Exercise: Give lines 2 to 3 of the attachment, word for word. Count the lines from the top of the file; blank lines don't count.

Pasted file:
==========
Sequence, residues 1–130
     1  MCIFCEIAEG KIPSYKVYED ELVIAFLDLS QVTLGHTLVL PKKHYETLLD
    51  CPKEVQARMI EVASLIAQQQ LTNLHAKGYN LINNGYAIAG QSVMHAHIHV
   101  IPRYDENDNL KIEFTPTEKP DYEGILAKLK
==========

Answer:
     1  MCIFCEIAEG KIPSYKVYED ELVIAFLDLS QVTLGHTLVL PKKHYETLLD
    51  CPKEVQARMI EVASLIAQQQ LTNLHAKGYN LINNGYAIAG QSVMHAHIHV